Dark Patterns (Deceptive Design) in Data Protection
Learn how to identify and stop them from dictating your online choices
Dark patterns (or deceptive design), according to Harry Brignull - the first designer who coined the term - are “tricks used in websites and apps that make you do things that you didn't mean to, like buying or signing up for something.” Some common examples are websites or apps that make it almost impossible to cancel or delete an account, almost invisible links to unsubscribe from a non-requested newsletter, and insurance products that are surreptitiously added to your shopping cart. You can check more examples here or tweet and expose your own personal findings using the hashtag #darkpattern (they might be retweeted by this account - it's worth checking out some outrageous examples there).
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One of the chapters of my ongoing Ph.D. in data protection, fairness, and UX design is about dark patterns in the context of data protection (you can download the full article I wrote on the topic here). I defined them as “user interface design choices that manipulate the data subject’s decision-making process in a way detrimental to his or her privacy and beneficial to the service provider.” In simple terms, they are deceptive design practices used by websites and apps to collect more personal data or more sensitive data from you. They are everywhere, and most probably, you encounter some form of dark pattern on a daily basis during online activities. Below are some examples of practices I call dark patterns:
1- Screenshot from the TikTok sign-up page:
In this example, you cannot know if the “Yes” or “No” buttons are for the “are you over 18” or for the “do you allow TikTok to show personalized ads” question. According to my taxonomy, it would be a “mislead” type of dark pattern, as it misleads the data subject into not opting out of personalized ads.
2- Screenshot from Linkedin Settings:
Each of the sections above contains data protection-related choices (despite the fact that a few of the sections’ titles does not seem related to data protection), accounting for almost hundreds of options. This excessive amount of choices is not empowering; on the contrary, it distracts data subjects from important data protection choices and confuses them. This type of dark pattern is “hinder,” as by adding an excessive amount of choices, it hinders the capability of the data subject to choose according to his or her true preferences.
3- Screenshot from the website groopdealz.com:
Here, through manipulative language, the website is pressuring the data subject to add his or her email and subscribe to the newsletter, so the category of dark pattern is “pressure.” To read more about the taxonomy and the different types of categories and sub-categories, click here.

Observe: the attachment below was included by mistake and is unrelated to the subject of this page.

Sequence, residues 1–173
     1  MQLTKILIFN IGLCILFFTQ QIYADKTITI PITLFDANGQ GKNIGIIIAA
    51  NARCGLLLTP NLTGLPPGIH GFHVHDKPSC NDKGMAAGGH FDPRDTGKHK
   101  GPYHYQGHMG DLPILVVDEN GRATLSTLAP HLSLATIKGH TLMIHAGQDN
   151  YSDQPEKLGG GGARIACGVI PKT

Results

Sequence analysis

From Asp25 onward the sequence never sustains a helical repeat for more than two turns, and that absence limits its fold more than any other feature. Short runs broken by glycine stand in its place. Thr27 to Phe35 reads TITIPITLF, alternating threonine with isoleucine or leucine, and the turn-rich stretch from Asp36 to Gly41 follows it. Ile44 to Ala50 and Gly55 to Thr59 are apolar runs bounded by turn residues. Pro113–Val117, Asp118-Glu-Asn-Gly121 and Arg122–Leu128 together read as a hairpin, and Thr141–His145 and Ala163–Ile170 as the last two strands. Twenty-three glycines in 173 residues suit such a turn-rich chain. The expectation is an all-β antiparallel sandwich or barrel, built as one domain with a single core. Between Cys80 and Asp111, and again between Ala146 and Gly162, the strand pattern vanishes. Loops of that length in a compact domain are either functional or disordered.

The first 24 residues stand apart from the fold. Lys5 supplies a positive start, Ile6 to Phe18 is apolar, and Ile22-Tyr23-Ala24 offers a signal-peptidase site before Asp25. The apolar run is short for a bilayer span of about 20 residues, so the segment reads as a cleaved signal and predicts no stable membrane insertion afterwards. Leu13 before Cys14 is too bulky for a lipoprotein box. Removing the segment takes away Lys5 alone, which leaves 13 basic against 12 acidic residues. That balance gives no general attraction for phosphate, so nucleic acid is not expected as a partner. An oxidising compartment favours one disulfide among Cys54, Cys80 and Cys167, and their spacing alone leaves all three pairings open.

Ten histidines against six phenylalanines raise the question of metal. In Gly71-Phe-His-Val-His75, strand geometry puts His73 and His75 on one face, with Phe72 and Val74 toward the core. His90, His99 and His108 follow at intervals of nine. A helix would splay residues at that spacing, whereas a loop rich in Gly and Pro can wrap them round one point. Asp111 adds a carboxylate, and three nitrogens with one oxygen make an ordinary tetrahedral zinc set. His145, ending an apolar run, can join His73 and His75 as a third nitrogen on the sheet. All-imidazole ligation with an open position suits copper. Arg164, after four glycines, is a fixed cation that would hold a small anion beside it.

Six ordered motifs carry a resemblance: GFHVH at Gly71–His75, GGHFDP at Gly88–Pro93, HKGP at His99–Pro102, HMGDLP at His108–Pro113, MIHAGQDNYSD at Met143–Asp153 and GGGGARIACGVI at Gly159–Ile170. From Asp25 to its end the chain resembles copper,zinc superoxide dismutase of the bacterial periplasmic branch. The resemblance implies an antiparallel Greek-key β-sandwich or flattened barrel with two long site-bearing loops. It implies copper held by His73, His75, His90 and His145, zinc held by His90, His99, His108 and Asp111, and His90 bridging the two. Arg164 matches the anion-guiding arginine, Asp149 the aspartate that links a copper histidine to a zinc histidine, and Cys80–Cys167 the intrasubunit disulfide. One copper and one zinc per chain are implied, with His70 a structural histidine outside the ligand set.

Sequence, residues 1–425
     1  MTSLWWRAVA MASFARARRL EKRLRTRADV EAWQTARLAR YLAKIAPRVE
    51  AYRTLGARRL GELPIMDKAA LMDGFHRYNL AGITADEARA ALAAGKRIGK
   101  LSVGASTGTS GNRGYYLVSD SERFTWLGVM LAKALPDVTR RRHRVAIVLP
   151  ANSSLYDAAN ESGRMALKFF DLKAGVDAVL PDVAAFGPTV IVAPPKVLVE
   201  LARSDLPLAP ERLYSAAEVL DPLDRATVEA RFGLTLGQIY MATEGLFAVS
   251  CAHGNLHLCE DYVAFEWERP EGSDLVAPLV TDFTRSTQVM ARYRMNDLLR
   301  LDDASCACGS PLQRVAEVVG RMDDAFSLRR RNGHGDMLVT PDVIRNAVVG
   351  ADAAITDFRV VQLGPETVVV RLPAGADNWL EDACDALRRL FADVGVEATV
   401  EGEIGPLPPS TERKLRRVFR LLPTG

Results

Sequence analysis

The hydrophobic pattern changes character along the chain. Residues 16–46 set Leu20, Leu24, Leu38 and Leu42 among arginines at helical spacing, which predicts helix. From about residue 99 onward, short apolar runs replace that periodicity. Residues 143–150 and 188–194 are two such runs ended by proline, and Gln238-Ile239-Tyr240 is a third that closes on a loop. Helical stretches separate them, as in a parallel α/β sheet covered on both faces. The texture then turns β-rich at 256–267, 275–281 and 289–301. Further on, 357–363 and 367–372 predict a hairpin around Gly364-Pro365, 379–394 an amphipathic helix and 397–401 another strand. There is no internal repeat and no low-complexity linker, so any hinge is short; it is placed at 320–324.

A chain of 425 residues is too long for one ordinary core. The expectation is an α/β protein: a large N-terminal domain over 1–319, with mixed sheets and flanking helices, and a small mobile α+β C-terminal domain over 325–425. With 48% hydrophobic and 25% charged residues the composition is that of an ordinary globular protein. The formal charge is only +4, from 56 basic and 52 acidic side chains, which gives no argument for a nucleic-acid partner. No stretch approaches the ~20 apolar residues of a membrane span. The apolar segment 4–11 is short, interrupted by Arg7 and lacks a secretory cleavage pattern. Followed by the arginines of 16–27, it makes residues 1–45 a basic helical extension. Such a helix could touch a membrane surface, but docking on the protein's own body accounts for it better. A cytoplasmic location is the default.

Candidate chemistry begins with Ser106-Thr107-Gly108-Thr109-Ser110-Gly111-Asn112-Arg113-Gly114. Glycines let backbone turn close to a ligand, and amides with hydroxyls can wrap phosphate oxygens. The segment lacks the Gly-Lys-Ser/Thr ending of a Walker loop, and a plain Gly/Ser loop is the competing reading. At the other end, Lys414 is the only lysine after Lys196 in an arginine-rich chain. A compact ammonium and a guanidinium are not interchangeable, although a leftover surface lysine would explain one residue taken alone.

In the full article about the topic, I have discussed dark patterns’ mechanism of action and the behavioral biases that are exploited by them (showing how they manage to manipulate us to do something that was not our initial intention). I have also presented their legal status regarding the European General Data Protection Regulation - GDPR (no, they are not explicitly illegal) and offered a taxonomy to help us understand what is and what is not a dark pattern. Lastly, I proposed paths of regulatory changes that could help us move forward from here and improve the protection that is offered to us, data subjects.
My goal in talking about them in this newsletter is to increase awareness about the topic and to show that the design of websites and apps is not inoffensive or neutral. Design is a powerful tool to manipulate behavior, and sometimes - particularly because of behavioral biases - it is difficult to detect and avoid manipulative tricks, especially online.
What you can do as an individual is to try and be critical about your behavior online and why you are interacting with certain platforms in a certain way (what is your goal? What will you gain with that? What will the platform gain with that? Is is possible that you are being tricked into behaving in a certain way that is actually harmful to you?).
Online platforms that offer services that we love - such as Facebook, Twitter, Tiktok, Amazon, Netflix, Spotify, Tinder, and so on - are not “neutral.” They are companies working for (a lot of) profit, and an important input for them to make money is your personal data. Their foremost goal isn't doing good to people and to the world but pleasing shareholders (hopefully following the law). Law is not always (perhaps never) at the same pace as the technologies it is applied to (and related manipulative techniques to make them more profitable), so it is important that you are aware of what is happening and decide what is better for you.
See you next week. All the best, Luiza Jarovsky